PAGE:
It has been seven years since Justin Timberlake released “FutureSex/Lovesounds”, and he has finally returned to making albums. But who’s counting?
The multitalented celebrity took a long break to focus on acting when he appeared opposite Mila Kunis in “Friends With Benefits”, 2011, and as the founder of Napster in “The Social Network” in 2010. Because I appreciate anything the man does, no one was happier to hear he was returning to the music scene that I was! Timberlake appeared on Saturday Night Live March 9 as both the host and musical guest.
He was officially inducted into the “Five Timers Club” among popular actors like Steve Martin and Tom Hanks. He also announced a US summer tour with Jay-Z where the two are rumored to appear on stage the entire time together.
His album “The 20/20 Experience” dropped this Tuesday and immediately made the number one spot on the iTunes top albums list. “Suit & Tie” and “Mirrors” are the first two singles from the album. While “Suit & Tie” has a newer sound than what we’re used to, “Mirrors” sounds more like a classic Timberlake hit we all know and love.
He experiments with all kinds of new sounds on this album, as most artists that take a seven-year hiatus should. The opening track “Pusher Love Girl” is my current favorite and begins with a string orchestra that reminds the listener of a classic Disney movie, until the beat sets in.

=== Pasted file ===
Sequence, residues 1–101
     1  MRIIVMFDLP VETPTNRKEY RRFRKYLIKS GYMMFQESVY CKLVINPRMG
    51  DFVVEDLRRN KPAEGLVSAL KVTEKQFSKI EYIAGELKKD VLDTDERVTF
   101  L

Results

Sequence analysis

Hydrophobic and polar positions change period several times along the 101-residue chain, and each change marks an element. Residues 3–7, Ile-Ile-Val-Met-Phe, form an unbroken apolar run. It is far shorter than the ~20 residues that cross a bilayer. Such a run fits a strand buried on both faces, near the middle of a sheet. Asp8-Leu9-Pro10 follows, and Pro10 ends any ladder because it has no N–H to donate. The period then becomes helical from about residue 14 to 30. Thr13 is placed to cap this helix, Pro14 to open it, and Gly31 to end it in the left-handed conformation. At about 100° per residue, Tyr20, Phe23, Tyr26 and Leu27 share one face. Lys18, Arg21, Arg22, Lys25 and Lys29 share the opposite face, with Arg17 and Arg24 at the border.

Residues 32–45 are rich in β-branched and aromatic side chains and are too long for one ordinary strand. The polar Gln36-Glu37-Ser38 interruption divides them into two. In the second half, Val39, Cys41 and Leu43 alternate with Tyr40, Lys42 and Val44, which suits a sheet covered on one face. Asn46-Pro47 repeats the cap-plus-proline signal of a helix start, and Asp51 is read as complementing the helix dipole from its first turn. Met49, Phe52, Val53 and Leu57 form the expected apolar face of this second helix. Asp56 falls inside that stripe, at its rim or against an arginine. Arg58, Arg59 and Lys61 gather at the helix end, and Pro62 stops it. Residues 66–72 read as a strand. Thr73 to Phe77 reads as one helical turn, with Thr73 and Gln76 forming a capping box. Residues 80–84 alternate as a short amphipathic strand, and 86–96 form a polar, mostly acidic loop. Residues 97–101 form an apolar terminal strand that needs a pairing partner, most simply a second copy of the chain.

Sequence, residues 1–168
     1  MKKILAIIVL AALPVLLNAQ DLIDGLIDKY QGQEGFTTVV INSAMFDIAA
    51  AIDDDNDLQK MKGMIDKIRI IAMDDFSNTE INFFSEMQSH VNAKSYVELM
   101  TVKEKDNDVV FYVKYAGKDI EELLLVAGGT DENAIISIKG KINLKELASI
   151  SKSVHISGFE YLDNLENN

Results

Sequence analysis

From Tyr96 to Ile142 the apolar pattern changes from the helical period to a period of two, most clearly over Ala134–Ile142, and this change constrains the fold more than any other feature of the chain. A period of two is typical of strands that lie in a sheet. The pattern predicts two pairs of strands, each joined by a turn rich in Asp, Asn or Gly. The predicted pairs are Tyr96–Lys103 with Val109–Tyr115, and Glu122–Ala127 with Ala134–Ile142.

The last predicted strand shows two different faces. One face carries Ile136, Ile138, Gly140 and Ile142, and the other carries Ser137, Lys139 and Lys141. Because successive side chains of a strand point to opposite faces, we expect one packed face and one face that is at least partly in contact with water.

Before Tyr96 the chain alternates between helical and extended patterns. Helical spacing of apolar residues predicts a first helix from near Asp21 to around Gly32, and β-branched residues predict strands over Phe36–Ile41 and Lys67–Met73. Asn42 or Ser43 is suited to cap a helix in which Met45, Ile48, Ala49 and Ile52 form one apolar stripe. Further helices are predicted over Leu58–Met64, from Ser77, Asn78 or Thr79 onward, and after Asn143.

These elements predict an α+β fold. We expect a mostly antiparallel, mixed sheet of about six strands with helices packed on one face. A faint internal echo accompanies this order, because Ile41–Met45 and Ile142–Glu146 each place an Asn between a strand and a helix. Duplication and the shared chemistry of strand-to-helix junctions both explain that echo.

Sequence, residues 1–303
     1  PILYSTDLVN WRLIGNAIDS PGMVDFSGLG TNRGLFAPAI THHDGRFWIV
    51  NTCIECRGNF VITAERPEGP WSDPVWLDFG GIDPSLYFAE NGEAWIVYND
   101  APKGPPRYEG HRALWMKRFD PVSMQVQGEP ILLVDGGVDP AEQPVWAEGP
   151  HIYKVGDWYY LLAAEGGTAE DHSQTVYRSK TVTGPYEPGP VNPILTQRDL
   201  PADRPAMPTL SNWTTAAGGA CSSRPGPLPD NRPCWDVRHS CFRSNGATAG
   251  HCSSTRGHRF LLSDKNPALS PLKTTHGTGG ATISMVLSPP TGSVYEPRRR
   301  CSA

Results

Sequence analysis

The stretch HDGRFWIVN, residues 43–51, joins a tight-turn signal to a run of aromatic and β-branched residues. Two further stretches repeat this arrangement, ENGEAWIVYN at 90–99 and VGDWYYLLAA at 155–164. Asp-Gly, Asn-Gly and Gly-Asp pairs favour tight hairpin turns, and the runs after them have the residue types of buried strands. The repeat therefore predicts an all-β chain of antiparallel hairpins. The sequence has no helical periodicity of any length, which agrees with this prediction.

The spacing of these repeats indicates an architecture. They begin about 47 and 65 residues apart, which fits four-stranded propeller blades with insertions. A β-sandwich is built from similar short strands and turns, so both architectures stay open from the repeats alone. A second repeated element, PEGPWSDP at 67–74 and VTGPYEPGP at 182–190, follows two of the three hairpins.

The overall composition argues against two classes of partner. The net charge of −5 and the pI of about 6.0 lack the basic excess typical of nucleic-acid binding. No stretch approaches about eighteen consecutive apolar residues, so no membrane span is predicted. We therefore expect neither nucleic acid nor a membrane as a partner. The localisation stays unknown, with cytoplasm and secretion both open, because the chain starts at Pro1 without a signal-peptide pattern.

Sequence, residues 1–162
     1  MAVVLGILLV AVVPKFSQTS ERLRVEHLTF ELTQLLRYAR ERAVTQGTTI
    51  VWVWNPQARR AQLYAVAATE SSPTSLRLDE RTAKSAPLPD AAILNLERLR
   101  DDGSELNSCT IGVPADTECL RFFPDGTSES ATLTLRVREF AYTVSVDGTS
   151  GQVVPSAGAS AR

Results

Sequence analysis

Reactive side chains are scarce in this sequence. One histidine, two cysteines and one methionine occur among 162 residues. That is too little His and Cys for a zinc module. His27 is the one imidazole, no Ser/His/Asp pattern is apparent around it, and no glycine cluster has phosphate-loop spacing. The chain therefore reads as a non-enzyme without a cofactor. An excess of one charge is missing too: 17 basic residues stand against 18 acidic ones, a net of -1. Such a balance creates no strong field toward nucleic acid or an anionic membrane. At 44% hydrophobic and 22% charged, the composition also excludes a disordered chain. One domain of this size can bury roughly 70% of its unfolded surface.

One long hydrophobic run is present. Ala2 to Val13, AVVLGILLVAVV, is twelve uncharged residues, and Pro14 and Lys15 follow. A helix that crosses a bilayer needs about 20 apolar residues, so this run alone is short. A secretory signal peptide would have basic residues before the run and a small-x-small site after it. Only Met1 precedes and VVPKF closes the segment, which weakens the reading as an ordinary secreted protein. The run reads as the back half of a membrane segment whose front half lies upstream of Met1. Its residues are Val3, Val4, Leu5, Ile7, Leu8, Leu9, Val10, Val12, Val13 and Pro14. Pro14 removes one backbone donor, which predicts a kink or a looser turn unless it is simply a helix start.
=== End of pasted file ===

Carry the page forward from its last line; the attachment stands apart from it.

The song builds into what may become a summer favorite. While some of the songs sound like late nightclub grinds, “Strawberry Bubblegum”, others like “Let the Groove Get In” and “Don’t Hold the Wall” experiment with a more tribal sound mixed with some synthesized beats that are catchy, but deviate from JT’s classics. “That Girl” is in a category of its own by opening with “JT and the Tennessee Kids” playing a smooth big band ballad, trumpets and all.
When I first listened to it, I was skeptical that this album had been overhyped. However, the more I listened, I became confident that Timberlake knew what he was doing in the studio. He has put out an album that tests the limits and reinvents his image as a mature, savvy, suit wearing, and ladies’ man.
There isn’t a song on this album that a listener couldn’t find the slightest bit catchy. Well done, JT! It’s good to have you back.